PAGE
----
The Administrator looked at a watch. Ten minutes past five, and Fritz had failed to make his appearance. It sighed. Why did they always have to make it get up after them? They were old enough to know better. Ancient skin snapped and crackled as the neck turned to see the silver, scratched watch. Another arm showed a different time, this one saying it was eleven minutes after five. His patience was at an end.
But, before it could lift itself out of the office, there was a knock at the door. A new arm reached out from the left coat pocket and opened it, brushing the dust of this new visitor's shoulders as he walked in.
"Hello, uh, Commander. Please, have an, uh, a seat." One of the ruined hands gestured to a hard wooden chair in front of The Administrator's desk.
As he walked to the seat, Fritz did his best to look at anything that wasn't The Administrator. On the walls, he noted several decorations. Among the displays were a framed shovel, several astronomical models, and a photograph of a meteor. He closed his eyes as his hands gripped the seat, trying for the longest blink of his life. Finally, he couldn't stop it any longer.
Fritz opened his eyes. Seated before him was a decrepit monstrosity, with twisted charcoal skin and sunken orange eyes. The hair, or what was left of it, was glowing a shimmering white. The limbs were twisted and gnarled, sticking stiffly and uselessly from the main body. Surrounding it was a steel mesh, which held it inside a large overcoat. The coat of many arms.
Now, I'm positive that, uh, that you know why I've called you in here.
Fritz tried to open his mouth and explain himself, but the very instrument of speech seemed to have abandoned him. From his dry, nerve-wracked throat, all he could manage was a low cough.
… Well, uh, to review, the incident which occurred under your watch… resulting in the deaths of several major, uh, important researchers, and, uh, catastrophic damages. What… what do you have to say for yourself, Fritz?
Fritz looked down. There was nothing for him to say.
A blacked, pus-dripping arm, as thin as an olive branch, unfurled from its collar, and slowly stretched until it came to a filing cabinet located on the western wall of this office. Opening it, it rustled through some papers, until it came up with a file. Curling back into the coat, it dropped the file on the desk.
Now, Fritz, we've, uh, reviewed your personnel file. Due to the extra amount of time you've spent with the, uh, SCP-085 object, and the multiple reports from your late subordinate, Lieutenant Masipag, who, uh, who complained about the time you spent… testing. We've interviewed Cassie, and determined the nature of the testing.
Ten full seconds passed, and neither man nor being spoke.
And, uh, so… due to high crimes and misdemeanors against the Foundation's mission, including gross negligence and inappropriate usage of an anomalous object, you are sentenced to die. This will be carried out at high noon, uh, tomorrow.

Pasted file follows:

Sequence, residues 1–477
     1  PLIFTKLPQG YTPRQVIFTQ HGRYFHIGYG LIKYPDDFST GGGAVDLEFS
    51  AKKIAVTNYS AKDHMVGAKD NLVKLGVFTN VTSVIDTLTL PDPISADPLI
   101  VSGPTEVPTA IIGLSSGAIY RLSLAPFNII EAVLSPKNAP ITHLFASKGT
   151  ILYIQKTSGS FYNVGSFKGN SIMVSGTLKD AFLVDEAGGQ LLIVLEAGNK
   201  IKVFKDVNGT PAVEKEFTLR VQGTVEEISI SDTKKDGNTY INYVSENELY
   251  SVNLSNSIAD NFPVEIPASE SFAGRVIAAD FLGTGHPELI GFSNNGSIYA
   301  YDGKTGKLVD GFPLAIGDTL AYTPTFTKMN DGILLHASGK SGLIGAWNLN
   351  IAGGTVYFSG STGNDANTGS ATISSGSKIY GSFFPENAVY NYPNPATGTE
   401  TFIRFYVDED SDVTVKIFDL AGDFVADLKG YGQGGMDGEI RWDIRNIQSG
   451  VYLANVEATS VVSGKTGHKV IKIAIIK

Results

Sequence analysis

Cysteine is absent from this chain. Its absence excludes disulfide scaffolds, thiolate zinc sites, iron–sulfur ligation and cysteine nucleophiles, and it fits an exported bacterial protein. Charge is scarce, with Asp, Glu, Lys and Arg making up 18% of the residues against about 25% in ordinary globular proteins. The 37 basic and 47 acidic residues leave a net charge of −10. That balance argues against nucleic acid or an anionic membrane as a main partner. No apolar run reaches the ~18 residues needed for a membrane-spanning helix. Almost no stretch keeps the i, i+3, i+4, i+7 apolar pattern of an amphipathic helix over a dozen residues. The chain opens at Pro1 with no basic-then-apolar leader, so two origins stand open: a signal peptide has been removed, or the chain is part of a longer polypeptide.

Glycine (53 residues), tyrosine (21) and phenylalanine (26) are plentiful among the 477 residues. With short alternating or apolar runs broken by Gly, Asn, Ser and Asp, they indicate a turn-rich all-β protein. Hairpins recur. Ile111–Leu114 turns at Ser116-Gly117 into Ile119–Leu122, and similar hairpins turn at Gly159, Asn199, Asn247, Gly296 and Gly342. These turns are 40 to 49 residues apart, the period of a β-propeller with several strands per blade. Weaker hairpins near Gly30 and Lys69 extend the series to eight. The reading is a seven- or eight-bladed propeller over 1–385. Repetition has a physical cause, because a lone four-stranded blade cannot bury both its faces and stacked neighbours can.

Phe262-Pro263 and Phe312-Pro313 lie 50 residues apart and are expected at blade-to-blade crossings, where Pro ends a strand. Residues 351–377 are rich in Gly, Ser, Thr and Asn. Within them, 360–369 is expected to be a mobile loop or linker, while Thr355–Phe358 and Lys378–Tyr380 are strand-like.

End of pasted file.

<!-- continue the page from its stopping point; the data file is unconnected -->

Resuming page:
Fritz froze in his seat. All around him, the room seemed to be compressing in on itself. This couldn't be happening. This was wrong. Impossible. The words echoed in his mind, shoving every other thought to the far reaches of his mind, until only the sobering and tombstone-still realization thundered through his shattered thoughts, like a final cavalry charge through a demented thought. He was finished.
"B-but sir, surely this is an.. overreaction? I don't think- I mean, surely I deserve to at least keep my life through this? Why waste another life?"
No, uh, I apologize, but this is just how things have turned out, Commander. You've caused a great deal, uh, much anguish to, er, many of our comrades, and somebody simply has to be responsible.
"But…" Fritz struggled to find the words. "What about the people who didn't prevent me from abus- from using the containment supervision to see C- SCP-085?"
The Administrator's body did not hold even a single withered hope. No pity, or remorse, or sadness could be detected from his rasping tone.
You seem to, uh, appear to be having difficulty with your phrasing, Commander.
Fritz opened his mouth once more, but words failed.
Maybe, uh, perhaps, or, even if what you say is true, it doesn't matter, Commander. You are still, uh, the primary bearer of responsibility. I'm afraid it's, uh, time to face the music, so to speak.
Before Fritz could utter another word, there was a creaking behind him. Two men, in identical, brown and gray uniforms stepped inside. Wordlessly, they hoisted him up by his arms, and began the long escort to the brig.
I shall, uh, be sending somebody down in around an hour, Commander, if you require anything further. Good day, to, uh, you.
The doors slammed shut, and a stuffed silence permeated the air.
From his overcoat, a long arm emerged, crossing itself in front of him.
Yes, yes, but, uh, being callous, it's better than having to empathize with a man like him. He was going to come down this road eventually.
It twisted, snapping skin and ligaments as it curled around his infantile form.
I'm sorry it had to be so explosive, too. I suppose, I suppose this is just how it happens, sometimes.
The arms moved in assent, nestling below him and cradling him. He would need his rest.
When the universe demands the absurd and impossible, we shall be there to stand and protect the rest of humanity…
Without another word, his ruined eyelids shut, and he was at peace.